Whew, that's all the picks for the month.  I can't be accused of not looking for new ideas ;).  Here's to a great month in March.

Thanks for reading everyone.  I welcome everyone's comments on the stock picks.  I love feedback, both positive and negative on that.  I'm not very interested in getting into a macro debate though, so I probably won't ;).

Deej 

4 Comments – Post Your Own

#1) On March 03, 2013 at 1:52 PM, Mega (99.96) wrote:

LEAP has a serious debt problem - I think skipping with real money is a good idea.

FFNW looks pretty interesting. It's trading at half the valuation of BNCL. But I would think both would be more profitable by now, considering FFNW went public in 2007 and BNCL in 2008. Have they missed the window when demutualized banks are usually acquired?

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#2) On March 03, 2013 at 3:11 PM, TMFDeej (99.32) wrote:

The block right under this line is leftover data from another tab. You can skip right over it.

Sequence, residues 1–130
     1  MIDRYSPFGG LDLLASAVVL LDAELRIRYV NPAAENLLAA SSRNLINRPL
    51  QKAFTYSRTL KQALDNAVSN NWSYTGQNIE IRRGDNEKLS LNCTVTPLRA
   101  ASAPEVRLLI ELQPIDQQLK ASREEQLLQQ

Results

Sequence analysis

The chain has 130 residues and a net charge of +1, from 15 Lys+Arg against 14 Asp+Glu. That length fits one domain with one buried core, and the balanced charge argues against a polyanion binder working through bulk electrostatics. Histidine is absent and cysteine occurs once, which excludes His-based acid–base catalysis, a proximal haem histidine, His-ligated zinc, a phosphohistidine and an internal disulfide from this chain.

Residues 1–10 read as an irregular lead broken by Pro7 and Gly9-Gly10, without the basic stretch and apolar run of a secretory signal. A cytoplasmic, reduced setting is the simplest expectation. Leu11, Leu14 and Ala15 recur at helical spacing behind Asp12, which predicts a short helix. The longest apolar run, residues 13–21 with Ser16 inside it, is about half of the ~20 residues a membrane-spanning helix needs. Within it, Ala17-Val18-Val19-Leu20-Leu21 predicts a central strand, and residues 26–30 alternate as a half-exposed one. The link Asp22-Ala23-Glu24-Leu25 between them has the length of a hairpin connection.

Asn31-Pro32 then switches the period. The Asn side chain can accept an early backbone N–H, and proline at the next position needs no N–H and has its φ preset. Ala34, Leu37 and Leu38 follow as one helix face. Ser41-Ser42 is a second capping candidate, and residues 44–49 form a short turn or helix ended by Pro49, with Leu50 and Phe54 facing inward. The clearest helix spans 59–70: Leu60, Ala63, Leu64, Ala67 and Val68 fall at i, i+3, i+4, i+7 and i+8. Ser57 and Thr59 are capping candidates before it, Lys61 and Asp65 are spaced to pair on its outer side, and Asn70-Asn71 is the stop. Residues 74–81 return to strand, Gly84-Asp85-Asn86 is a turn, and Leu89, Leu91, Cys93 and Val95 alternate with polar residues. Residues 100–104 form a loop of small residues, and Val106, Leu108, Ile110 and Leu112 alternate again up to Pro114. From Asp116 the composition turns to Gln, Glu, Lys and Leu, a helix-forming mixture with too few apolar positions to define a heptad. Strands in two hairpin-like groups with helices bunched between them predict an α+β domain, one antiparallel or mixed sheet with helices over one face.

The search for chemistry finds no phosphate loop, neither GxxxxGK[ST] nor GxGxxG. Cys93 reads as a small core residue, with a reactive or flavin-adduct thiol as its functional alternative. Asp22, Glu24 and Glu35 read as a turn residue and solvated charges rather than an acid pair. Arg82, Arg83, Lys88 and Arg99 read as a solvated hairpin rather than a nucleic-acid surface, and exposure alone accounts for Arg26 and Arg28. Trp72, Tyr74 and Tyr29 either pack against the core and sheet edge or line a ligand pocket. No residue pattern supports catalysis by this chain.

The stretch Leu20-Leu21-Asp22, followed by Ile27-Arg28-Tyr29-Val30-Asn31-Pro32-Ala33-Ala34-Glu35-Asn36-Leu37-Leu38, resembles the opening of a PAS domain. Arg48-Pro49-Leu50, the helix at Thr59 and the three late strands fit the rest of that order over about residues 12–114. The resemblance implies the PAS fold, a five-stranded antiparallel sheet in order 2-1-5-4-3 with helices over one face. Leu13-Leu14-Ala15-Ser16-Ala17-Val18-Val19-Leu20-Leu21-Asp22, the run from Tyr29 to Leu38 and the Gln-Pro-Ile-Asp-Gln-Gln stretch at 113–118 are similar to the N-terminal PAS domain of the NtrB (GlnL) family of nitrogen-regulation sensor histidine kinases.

I completely agree Mega, LEAP is too scary for me to put real money into, but it is interesting and I want to follow it here in CAPS.

FFNW is definitely way past its conversion, but I really like Stillwell's involvement in the company.  He has proven to be an extremely successful investor in demutualized banks.

The great thing about Beneficial is that it is a much more pure demutualization play. It has already completed the first stage, but that was only for 29%.  The much larger second stage is expected to happen possibly as soon as some time later this year.  I've seen analysis that suggests the company's tangible book value after the rest of the conversion would be roughly between $11 and $12 per share. Any acquisition would likely be at a multiple above that. That's pretty attractive compared to an entry point of around $9.50.